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and present estate, those that desire may receive satisfaction of, by the information of those who have for a long time been conversant in the country; the other, by those of the west of England, whose endeavours were influenced chiefly by the interest and authority of the honourable patron of justice and virtue, Sir John Popham, Lord Chief Justice of England, who found both men and means to possess it, about the year 1606, and 1607, when a small colony was by him sent out for that end : for beside the first ship sent in 1606, two more were sent after them in the year 1607, and some time after a third, as saith Capt. Smith, page 203. And then finding the situation of the place most commodious for fishing, (as having in sundry voyages made trial thereof,) intended to begin their first plantation about Monhiggon, an island not far distant from the mouth of a spacious river called Kennebeck, a place some where about the mouth whereof was then, and is still called Sagadahock, and there were the first company that intended to begin a new colony in the north of America, landed about a hundred in all, Anno 1606 or 1607. The gentlemen that undertook the business had shaped in their minds the idea of a large and flourishing commonwealth, sending persons of quality to reside there as Commanders in Chief, as Capt. George Popham for President, Capt. Rawley Gilbert for Admiral, Capt. Edward Harlow for Master of the Ordnance, Capt. Robert Davis for Sergeant Major, and for Marshal, Capt. Ellis Best, and for Secretary Mr. Seaman. Capt. James Davis was to be commander over the fort when it was built, Mr. Gome Carew was to be Searcher. All the forementioned gentlemen were to be of the Council, who with a hundred more as planters of the colony, were to stay in the country. By their endeavors was a foundation laid of a greater building than the adventurers ever found means to erect, the master builders too much imitating those, that laid out so much cost upon the gates, that they had not enough left to build a city proportionable thereunto. Experiences of this nature abundantly declare, that it is one thing, in an idea, to model the great affair of a commonwealth

and country, and another to bring materials, and frame them together into a flourishing state ; for the hopes of this new colony, that blossomed so early were soon nip. ped in the bud by the sharpness of a cold winter following, wherein they lost the President, an ominous accident, which, with other solemn occurrences, blasted all that which, with so great shew of prosperity was there newly planted, especially being attended with the unwelcome news of the removal by death of the main pillar of the fabrick, Sir John Popham, happening, together with the loss of Sir John Gilbert, whose brother, Capt. Rawley Gilbert, designed Admiral of this puny plantation, upon the first bruit thereof, hasted over to enjoy the inheri. tance of his deceased brother. And indeed the season. ing of a hard winter in that barren, rocky, and mountainous desert, so discouraged all the rest, that they took the first advantage of shipping that next came to return home for England the following year, viz. Anno 1608. All the fruit of this their expedition, during the long winter and the after time of their abode there, was building a bark, which afforded them some advantage in their return. Yet did Sir Francis Popham, son and heir of that noble patriot, his father, the chief author of the undertaking, not wholly give over the design, but did divers times afterwards send to the same coast for trade and fishing, to which purpose he had great opportunity, by the ships and provision of the company, that remained in his hands; as likewise did the Earl of Southampton, and others of more publick spirits, that employed Mr. Ed. ward Harlow soon after, to make further discovery of the southern parts of Cape Cod, where they resolved themselves that the said cape was no island, as was deemed before, but a part of the continent. In this enterprise they seized three of the savages, which, probably, were the three an old woman complained of afterwards to our neighbours of Plymouth, soon after the first planting of Patuxet, viz. in the year 1620; but one of them escaping, he enticed some of his consorts to take revenge of that unkindness, who cut away the boat from the stern of the ship, which they so guarded with their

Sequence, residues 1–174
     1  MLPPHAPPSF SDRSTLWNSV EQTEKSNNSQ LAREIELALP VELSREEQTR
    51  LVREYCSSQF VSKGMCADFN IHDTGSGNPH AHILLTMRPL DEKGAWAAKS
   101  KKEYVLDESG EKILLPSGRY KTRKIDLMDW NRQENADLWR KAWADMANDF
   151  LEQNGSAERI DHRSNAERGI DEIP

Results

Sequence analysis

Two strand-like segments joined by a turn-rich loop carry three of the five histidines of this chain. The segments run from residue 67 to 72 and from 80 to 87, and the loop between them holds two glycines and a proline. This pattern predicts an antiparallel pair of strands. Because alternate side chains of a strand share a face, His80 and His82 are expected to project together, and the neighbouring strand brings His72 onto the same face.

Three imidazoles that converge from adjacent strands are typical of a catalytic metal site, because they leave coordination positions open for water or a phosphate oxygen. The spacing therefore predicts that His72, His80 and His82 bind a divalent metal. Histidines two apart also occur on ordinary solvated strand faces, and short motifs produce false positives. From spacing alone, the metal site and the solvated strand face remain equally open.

bows and arrows, that the sailors were not able to get it again. At another place they, with two or three more, so filled their fellow Indians with a spirit of revenge, that they welcomed the English into the next harbour they entered, with such a shower of arrows, that they were glad to betake themselves to their artillery, to keep off the savages. At one of the islands at Cape Cod, (by Capt. Smith called Nohone,) they took in that voyage an